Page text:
Truck drivers like to jump around a lot.
Some do anyway.
The problems that causes for the drivers themselves are many and often they do not realize the repercussions of changing jobs too frequently. So here are a few things for you to think about as you consider your own choices of where to work.
Longevity equals stability and that means desirability for all GOOD companies. The opposite is true for job hoppers. For example, if you were the hiring manager for a trucking company and you are considering two separate applicants for one highly desirable dedicated account how would you decide which one to offer the job to?
Let’s say one has a spotless driving record, three years of verifiable truck driving experience in the same types of equipment, and has only had one employer in the last year or more.
The other driver also has a good driving record, and has similar experience – but he has had six different jobs in the last two years!
Which would you hire?
You do not need to be a business genius to be able to tell that the job hopper will likely only stay with your company a couple to three months or so before hopping off to the next company.
That makes hiring him a waste of time and a waste of money – so you would pass – and offer the job to the other guy.
Keep that in mind as you yourself decide when to leave and move on to another company.
In general – try really hard to stay with each company for a full year or more (2 is better) before changing jobs so you are not viewed as a job hopper.
Hiring Considerations for Your Own Trucking Business
Someday when you have your own company (if that’s your goal!) and you begin looking to hire your first drivers, there are some things you need to know and do too.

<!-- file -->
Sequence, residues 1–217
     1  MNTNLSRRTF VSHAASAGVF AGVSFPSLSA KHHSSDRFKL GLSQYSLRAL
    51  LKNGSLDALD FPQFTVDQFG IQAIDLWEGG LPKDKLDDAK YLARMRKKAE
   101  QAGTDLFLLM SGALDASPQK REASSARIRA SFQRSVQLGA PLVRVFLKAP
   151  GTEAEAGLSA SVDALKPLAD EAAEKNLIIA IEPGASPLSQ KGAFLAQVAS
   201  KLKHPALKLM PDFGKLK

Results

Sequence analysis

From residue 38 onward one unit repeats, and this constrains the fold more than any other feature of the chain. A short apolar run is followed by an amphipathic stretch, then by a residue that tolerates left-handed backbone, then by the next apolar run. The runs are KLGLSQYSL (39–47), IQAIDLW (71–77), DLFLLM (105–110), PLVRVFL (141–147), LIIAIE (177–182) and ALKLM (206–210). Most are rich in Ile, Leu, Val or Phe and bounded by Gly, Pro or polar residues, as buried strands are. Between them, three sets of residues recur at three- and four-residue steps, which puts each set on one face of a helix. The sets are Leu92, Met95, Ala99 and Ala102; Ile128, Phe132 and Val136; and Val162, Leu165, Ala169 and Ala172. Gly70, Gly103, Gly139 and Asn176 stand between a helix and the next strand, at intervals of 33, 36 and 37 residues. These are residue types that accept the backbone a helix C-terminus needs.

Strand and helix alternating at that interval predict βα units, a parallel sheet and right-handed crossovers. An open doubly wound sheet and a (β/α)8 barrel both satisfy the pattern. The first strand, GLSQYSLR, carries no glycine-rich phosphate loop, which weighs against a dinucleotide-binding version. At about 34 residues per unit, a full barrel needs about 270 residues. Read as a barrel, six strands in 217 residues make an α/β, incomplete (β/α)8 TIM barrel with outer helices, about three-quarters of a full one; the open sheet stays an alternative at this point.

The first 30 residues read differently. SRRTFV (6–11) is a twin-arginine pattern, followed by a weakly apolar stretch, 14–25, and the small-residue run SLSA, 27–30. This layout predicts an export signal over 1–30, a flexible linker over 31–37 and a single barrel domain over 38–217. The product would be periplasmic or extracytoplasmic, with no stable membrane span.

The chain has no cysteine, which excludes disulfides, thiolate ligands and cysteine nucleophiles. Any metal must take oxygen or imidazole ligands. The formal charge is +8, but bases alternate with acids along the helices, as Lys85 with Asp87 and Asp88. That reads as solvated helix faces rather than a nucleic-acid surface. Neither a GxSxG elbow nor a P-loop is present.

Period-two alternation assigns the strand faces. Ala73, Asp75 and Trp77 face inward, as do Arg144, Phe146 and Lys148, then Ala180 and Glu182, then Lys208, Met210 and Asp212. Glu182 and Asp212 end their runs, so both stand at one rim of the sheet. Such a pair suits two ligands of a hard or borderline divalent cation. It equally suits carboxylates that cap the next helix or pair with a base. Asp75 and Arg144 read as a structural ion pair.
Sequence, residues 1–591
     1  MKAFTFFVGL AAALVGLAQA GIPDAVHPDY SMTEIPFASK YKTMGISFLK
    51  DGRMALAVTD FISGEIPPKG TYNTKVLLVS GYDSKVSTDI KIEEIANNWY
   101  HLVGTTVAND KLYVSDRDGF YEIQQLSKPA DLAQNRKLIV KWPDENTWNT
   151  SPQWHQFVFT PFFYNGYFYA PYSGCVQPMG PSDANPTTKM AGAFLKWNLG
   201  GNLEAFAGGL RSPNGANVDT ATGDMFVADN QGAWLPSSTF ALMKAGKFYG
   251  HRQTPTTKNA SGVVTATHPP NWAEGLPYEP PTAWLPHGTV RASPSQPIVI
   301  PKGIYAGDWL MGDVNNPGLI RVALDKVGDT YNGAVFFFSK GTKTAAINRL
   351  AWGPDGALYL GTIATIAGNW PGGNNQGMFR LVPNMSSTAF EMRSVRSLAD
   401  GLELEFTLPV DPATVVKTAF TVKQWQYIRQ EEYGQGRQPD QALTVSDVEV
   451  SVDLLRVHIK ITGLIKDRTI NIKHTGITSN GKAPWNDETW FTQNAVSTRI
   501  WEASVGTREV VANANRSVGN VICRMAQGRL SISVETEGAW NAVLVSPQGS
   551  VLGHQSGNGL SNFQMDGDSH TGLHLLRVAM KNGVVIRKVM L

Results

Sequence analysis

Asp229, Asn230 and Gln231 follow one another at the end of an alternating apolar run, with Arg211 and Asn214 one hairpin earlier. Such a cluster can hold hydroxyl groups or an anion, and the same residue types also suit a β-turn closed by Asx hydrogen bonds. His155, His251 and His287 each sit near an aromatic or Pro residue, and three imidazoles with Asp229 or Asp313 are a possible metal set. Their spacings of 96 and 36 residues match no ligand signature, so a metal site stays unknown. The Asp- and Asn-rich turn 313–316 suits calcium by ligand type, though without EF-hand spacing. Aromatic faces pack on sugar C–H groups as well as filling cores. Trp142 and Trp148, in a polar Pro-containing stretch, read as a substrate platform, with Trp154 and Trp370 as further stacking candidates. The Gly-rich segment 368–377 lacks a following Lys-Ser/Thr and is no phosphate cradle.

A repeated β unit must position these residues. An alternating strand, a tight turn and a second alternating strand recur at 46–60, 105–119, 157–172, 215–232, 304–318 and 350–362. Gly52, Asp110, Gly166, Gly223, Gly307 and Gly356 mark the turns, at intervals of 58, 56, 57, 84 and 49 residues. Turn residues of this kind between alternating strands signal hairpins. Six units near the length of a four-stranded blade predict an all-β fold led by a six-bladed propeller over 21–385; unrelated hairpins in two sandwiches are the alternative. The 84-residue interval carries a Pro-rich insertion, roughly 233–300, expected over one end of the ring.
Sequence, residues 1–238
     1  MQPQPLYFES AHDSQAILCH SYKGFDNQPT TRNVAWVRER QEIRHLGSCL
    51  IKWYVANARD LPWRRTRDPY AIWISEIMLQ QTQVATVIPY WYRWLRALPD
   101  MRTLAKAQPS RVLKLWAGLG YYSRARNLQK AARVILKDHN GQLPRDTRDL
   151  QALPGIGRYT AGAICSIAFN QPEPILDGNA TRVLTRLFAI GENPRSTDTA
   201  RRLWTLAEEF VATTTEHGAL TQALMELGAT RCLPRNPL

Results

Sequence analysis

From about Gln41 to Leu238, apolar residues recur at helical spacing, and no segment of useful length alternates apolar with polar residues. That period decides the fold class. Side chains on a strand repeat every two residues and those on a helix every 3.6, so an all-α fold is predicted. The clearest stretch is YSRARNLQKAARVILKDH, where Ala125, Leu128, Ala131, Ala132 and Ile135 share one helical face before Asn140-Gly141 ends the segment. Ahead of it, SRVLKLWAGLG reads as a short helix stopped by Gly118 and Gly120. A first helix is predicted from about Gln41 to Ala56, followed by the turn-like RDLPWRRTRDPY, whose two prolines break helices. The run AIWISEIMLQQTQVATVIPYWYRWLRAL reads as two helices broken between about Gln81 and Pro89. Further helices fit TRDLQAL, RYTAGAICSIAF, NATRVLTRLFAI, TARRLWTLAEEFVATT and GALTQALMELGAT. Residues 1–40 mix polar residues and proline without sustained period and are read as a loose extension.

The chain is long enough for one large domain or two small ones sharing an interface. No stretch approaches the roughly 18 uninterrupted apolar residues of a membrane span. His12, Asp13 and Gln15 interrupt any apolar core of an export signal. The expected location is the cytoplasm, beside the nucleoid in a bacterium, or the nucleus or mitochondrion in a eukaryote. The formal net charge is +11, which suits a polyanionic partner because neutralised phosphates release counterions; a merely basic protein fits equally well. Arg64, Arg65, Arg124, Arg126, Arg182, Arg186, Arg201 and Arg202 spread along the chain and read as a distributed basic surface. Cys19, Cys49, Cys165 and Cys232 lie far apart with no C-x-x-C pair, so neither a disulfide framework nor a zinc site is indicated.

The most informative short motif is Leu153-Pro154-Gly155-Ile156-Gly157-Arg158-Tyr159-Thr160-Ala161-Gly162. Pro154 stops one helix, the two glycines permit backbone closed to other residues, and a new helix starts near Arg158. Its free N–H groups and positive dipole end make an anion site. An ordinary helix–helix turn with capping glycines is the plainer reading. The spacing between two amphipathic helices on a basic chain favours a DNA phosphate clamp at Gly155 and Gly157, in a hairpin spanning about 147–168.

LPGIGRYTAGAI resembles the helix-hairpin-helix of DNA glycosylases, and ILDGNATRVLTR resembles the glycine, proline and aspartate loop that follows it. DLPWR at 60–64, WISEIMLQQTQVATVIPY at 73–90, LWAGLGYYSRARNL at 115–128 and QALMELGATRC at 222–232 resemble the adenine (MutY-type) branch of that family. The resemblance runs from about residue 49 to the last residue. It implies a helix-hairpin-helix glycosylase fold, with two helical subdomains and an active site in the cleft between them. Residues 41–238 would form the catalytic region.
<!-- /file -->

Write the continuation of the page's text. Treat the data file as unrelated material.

First of all – make sure you are crystal clear on ALL regulatory requirements.
There are many – both from the DOT/FMCSA requirements and other federal, state, and even local requirements you need to be aware of. Beyond that even – there are other basic risk management issues you need to know and deal with too.
One of the biggest things you want to avoid is Negligent Hiring.
What that basically means is that some people are a serious liability – even when they may technically be legal to hire, and may meet all other legal and regulatory requirements – they are still a huge risk and it is a bad idea to hire them.
For example, hiring someone with a history of violations and or incidents will come back to bite you if they have a serious accident or incident while employed by you and your company.
Unexplained and unverifiable gaps in employment are another key indicator and red flag.
Often a person will claim to have been on vacation, leave, caregiving for a family member, or something similar – when in fact they were in jail or in a mental facility of some kind! If you hire them and they cause a fatal or otherwise serious accident then you WILL be on the hook!
This is in part why many smart companies will refuse to hire drivers who do not have recent verifiable experience working driving a truck.
Never be in such a hurry to fill an empty seat that you put the wrong person in it – and destroy your company as a result.